This is a write-up of a talk I gave at Housemans bookshop for An Anarchist FAQ volume 2 publication event. It is based on my notes and is what I intended to cover. So it may not be exactly what was said on the night. And as one member of the audience rightly noted, it is very much focused around white, male Europeans. This is simply because there is still much work needed to get the ideas and histories of non-European countries into English (sadly, this also applies to much of European anarchism as well!). Still, we need to correctly understand anarchist history in order to develop it to meet the challenges of today. Hopefully this talk contributes to both processes, correctly understanding the history of anarchism and building anarchism today as a theory and movement. Whether I succeeded or not rests with the reader!
The French people are demoralised because they need an idea. They lack understanding of the time and situation and only retain pride in an initiative, the principle and goal of which have escaped them. None of the political systems they have tried have completely met their expectations, and they cannot imagine any others.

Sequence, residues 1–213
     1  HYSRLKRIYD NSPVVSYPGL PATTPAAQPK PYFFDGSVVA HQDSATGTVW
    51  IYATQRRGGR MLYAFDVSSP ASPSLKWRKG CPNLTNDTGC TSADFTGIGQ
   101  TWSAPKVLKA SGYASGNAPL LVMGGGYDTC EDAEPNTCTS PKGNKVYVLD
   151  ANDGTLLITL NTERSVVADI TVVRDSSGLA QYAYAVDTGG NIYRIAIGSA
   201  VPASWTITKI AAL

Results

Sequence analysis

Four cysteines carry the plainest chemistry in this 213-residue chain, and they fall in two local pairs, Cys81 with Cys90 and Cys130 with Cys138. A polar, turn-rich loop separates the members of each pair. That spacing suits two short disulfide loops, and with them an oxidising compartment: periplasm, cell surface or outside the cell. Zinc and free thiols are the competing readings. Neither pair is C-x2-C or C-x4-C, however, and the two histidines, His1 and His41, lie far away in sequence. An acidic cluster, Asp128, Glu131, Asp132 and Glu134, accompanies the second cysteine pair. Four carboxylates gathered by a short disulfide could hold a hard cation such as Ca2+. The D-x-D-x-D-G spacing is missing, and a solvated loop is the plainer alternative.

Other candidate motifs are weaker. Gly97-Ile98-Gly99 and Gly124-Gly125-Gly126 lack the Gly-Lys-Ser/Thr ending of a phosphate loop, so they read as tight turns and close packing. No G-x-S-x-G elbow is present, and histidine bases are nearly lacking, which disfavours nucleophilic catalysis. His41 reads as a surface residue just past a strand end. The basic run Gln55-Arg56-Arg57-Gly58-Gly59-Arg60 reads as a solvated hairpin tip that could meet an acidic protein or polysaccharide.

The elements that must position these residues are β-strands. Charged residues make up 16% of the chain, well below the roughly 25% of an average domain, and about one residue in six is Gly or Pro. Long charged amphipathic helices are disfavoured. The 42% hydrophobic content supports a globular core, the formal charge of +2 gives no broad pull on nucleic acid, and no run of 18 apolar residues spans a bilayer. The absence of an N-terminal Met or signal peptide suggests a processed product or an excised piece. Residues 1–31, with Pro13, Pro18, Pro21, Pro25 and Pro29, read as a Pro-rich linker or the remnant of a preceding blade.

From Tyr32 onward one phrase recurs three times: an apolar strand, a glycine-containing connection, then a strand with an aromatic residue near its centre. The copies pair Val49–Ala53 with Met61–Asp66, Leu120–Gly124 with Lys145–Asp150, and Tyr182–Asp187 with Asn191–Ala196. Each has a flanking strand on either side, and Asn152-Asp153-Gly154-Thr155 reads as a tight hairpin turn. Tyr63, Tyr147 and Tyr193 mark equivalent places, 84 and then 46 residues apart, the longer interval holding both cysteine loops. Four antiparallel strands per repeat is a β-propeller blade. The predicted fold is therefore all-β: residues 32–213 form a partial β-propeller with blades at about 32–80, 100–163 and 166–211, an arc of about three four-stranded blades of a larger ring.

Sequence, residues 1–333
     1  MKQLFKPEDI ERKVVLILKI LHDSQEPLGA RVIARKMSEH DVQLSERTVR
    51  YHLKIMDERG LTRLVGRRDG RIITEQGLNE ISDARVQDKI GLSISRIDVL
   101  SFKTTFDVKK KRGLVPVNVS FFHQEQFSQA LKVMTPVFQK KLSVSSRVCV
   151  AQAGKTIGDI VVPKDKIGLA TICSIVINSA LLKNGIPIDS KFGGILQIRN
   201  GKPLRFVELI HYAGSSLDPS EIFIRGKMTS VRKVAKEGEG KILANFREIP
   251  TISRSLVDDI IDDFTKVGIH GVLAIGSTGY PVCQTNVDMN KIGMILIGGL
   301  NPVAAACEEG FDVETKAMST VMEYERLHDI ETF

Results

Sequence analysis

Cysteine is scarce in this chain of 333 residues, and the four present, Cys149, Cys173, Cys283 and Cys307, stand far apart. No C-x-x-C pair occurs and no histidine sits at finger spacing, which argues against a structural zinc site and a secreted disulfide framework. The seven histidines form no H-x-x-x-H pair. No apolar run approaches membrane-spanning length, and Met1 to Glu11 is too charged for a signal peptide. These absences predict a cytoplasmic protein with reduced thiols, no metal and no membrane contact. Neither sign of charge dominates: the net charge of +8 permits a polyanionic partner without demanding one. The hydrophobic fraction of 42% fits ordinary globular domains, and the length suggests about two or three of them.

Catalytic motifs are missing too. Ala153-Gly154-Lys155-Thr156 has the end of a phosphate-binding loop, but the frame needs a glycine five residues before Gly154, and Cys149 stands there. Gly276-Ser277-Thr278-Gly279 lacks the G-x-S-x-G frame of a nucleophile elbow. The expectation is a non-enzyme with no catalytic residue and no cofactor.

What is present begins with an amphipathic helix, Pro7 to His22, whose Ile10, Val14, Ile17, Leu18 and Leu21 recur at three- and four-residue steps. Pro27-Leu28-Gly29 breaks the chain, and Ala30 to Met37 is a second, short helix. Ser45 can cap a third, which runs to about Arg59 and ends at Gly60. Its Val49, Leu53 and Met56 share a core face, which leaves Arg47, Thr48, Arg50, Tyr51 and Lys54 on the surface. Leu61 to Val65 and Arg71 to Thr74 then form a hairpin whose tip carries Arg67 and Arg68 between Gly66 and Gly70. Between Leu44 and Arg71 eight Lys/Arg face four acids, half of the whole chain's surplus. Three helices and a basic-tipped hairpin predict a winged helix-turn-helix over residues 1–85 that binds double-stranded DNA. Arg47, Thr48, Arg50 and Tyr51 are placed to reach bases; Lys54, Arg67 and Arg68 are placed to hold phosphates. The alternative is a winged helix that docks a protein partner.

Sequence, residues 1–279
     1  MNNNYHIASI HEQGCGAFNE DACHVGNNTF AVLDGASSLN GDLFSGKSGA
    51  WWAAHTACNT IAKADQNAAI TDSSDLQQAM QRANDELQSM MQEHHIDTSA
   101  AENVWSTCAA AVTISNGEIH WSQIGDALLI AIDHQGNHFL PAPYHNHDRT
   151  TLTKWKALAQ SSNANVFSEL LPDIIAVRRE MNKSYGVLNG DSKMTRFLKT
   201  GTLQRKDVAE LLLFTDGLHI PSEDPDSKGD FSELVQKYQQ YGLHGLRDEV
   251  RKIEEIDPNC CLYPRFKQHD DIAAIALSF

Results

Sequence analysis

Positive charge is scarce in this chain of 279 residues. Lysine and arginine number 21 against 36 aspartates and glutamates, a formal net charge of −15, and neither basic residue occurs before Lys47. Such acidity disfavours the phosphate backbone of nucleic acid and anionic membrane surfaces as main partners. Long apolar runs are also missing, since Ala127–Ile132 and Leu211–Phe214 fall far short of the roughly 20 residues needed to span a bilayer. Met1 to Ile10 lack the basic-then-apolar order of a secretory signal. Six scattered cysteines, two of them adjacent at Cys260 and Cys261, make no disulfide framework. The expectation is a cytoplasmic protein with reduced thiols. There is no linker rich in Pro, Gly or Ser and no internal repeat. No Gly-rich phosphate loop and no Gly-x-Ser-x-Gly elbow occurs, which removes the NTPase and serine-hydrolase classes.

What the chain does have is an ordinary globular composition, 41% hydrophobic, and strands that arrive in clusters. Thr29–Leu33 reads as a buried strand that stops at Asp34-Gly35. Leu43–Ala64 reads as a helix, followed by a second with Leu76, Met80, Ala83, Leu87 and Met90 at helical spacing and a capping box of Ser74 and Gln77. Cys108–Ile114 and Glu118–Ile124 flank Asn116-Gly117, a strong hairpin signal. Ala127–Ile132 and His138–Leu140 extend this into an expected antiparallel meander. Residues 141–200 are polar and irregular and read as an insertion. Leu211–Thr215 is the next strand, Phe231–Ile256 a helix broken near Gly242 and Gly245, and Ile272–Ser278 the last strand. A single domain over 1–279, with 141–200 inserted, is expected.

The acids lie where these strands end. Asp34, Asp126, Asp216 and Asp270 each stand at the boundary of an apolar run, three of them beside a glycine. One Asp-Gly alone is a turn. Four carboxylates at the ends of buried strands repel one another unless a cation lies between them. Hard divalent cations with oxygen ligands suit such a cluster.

An observation to be made in general on moral and political sciences is that the difficulty of their problem comes above all from the figurative way basic reason designed their elements. In the popular imagination politics, as well as morals, is a mythology. There all becomes fiction, symbol, mystery, idol. And it is this idealism which, adopted with confidence by philosophers as an expression of reality, causes them so much embarrassment later.
Since, in theory and in history, Authority and Liberty follow one another as by a kind of polarisation;
That the first declines imperceptibly and withdraws whilst the second grows and reveals itself;
That a kind of subordination results from this double movement in accordance of which Authority takes up more and more the cause of Liberty [au droit de la Liberté];
If the reader has followed with some diligence the previous exposition, human society must appear to him like a fantastic creation, full of surprises and mysteries. We shall briefly recall the different terms:
a) Political order rests on two related, opposed and irreducible principles: Authority and Liberty.
Lucy Parsons (c. 1853-1942) is worthy of a great biography. She took an active part in the American anarchist and labour movements from the 1870s to her death and should be better known to today’s radicals. Anyone described by the Chicago Police Department as “more dangerous than a thousand rioters” is worthy of remembrance. So the reprinting of Carolyn Ashbaugh’s Lucy Parsons: American Revolutionary should be welcome news – except that the book is so terrible.